CCBH 2/19
County Executive Armond Budish, Board of Health Commissioner Terry Allan and Educational Service Center of Northeast Ohio Director of Operations and Development Jennifer Dodd speak to the public during a Feb. 19 CCBH press briefing. 
 

As vaccine efforts continue in Cuyahoga County, new COVID-19 cases drop each week.

During a Feb. 19 Cuyahoga County Board of Health press briefing, Commissioner Terry Allan announced that 136,800 county residents, or 11.1% of the county's population, have started the vaccine process. Over 51,200 residents, or 4.07% of the county population, have completed the vaccine process.

Allan attributed the stream of vaccinations and followed safety protocols to the county's consistently dropping COVID-19 cases, as CCBH reported another drop in new daily case averages from 234 cases two weeks ago to 183 this past week. 

"I'm happy to report that COVID-19 cases continue to drop in our community, and clearly the masking, the social distancing, remote work, avoiding large gatherings, case investigations, contract tracing, suppression of disease clusters and vaccination have all played a part in this great news," Allan said. "...Our vigilance is clearly paying off."

CCBH has used nearly all of its designated doses for the phase 1A group, and by Feb. 21, the health department will have vaccinated over 10,200 people and utilized over 75% of its 1A vaccines. Starting next week, Allan said that CCBH will transition to vaccinating both 1A and 1B groups and will first target those needing second doses in the 1A group and those 80 and older in 1B. 

The county saw an increase in reported deaths from 48 deaths last week to 59 this week. Allan attributed this increased statistic to "lag from the adjustments at the state health department on fatalities."

Educational Service Center of Northeast Ohio Director of Operations and Development Jennifer Dodd announced that the ESC started a vaccination clinic Feb. 10 to inoculate 23,000 total educators in 250 different school entities in the county. This clinic will perform the first dose until Feb. 24, then administer second dose vaccinations March 3 through March 17. 

These local school entities consist of most Cuyahoga County public schools and some nonpublic, as school entities had a choice to either be vaccinated through ESC working with CCBH or the Cleveland Department of Health. 

The state has seen a delay in its received shipment of vaccines due to recent snow storms, Allan said. Allan shared that the county "will be fine," as CCBH's delayed shipment will arrive next week along with that week's shipment of 2,000 to 3,000 doses.

Ohio counties are experiencing a COVID-19 vaccine shortage, Cuyahoga County Executive Armond Budish said. Budish explained that counties' vaccines are limited by supply and the state's decisions as to how and where to distribute them. 

The percentage of vaccines being administered to minority populations continues to be "way too low," Budish said. To combat this vaccine disparity, Budish announced that he and Hamilton and Franklin counties have partnered together and put together a formal request to be sent to Ohio Gov. Mike DeWine asking for at least 20% of the state's COVID-19 vaccines be given to minorities.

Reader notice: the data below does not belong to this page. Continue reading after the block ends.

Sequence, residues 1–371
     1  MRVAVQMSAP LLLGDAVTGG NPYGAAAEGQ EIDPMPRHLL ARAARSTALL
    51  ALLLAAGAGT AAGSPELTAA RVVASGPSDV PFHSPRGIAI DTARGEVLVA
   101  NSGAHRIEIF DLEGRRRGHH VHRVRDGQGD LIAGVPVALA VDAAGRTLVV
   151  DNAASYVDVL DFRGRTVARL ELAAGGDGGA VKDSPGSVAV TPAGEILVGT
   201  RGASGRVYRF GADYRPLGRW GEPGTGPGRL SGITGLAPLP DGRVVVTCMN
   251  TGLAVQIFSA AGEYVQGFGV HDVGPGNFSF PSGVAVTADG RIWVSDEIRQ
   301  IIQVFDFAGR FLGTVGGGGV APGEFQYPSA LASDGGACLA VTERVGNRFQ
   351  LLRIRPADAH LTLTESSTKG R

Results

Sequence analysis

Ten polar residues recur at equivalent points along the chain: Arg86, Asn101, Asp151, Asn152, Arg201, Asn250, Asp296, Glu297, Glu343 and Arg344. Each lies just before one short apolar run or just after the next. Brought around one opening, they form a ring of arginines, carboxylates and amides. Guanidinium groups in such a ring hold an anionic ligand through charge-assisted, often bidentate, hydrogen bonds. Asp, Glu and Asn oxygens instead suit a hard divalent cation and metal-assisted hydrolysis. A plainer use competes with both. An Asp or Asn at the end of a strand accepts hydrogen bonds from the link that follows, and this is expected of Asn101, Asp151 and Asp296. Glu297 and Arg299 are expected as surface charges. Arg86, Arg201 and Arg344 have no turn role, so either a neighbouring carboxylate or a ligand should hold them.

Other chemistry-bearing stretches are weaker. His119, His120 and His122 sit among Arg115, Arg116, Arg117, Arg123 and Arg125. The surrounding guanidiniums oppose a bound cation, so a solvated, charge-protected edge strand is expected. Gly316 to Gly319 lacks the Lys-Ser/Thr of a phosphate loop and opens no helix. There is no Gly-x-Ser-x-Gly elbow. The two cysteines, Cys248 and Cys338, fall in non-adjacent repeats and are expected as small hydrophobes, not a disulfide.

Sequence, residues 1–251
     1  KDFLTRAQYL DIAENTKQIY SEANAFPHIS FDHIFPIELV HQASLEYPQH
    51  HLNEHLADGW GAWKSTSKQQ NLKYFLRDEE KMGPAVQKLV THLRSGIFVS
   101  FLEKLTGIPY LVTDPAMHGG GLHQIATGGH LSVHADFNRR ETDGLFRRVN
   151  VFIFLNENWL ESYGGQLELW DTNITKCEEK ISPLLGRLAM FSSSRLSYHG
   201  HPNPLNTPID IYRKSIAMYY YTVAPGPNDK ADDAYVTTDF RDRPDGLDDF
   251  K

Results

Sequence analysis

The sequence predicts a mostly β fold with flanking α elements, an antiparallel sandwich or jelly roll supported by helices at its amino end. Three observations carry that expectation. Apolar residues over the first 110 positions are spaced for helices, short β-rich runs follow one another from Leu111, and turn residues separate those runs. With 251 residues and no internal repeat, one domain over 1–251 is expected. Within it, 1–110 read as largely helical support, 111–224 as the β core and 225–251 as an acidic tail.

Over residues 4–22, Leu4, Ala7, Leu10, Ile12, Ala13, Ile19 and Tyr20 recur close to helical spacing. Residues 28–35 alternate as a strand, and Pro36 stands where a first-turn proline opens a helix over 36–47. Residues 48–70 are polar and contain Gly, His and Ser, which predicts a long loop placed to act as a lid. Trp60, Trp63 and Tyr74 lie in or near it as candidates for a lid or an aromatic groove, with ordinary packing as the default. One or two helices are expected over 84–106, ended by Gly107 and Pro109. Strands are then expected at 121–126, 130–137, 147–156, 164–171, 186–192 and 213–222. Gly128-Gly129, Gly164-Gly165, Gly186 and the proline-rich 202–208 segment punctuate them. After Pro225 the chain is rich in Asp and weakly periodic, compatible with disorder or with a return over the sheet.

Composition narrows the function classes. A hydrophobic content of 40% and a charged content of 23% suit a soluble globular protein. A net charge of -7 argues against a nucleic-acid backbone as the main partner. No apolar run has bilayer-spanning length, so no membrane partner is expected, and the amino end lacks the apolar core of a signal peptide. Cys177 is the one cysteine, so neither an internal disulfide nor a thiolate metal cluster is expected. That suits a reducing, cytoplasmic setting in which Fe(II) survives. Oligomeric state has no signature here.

To boost vaccine efficacy views in minority populations, the Ohio Department of Health will be hosting virtual townhall meetings where health officials will lead discussions and provide information about the vaccine. These townhall meetings will be streamed on ODH's Facebook and YouTube pages. More information is available at coronavirus.ohio.gov/townhall

Allan also echoed announcements DeWine made in a previous press conference that a number of health conditions have been added to the prerequisites for the 1B group. These health conditions include sickle cell anemia; down syndrome; cystic fibrosis; muscular dystrophy; cerebral palsy; spina bifida; people born with severe heart defects requiring regular specialized medical care; people with severe type 1 diabetes who have been hospitalized for this in the past year; Phenylketonuria, Tay-Sachs and other rare, inherited metabolic disorders; epilepsy with continuing seizures, hydrocephaly, microcephaly and other severe neurological disorders; Turner syndrome, fragile X syndrome, Prader-Willi syndrome and other severe genetic disorders; people with severe asthma, who have been hospitalized for this in the past year; alpha and beta thalassemia; and solid organ transplant candidates and recipients. 

Hospitals are being encouraged to reach out to patients who have been hospitalized for these added conditions in the past year to schedule a vaccine, as they are at a higher risk for adverse outcomes due to COVID-19.

Cuyahoga residents must schedule vaccines through one of the 80 providers in the county, and the list of providers can be accessed at ccbh.net

Allan pushed for county residents to continue following safety protocols, especially due to the COVID-19 variant strains that have been recorded in Ohio. 

"Amid this promising news, we need to remember that Cuyahoga County is still 2.5 times the CDC threshold for high transmission and remains at level three, or red, in the Ohio Public Health Advisory System indicating a high risk for transmission," Allan said. "What we have to watch now are these variant strains that are emerging. We're very concerned about that."

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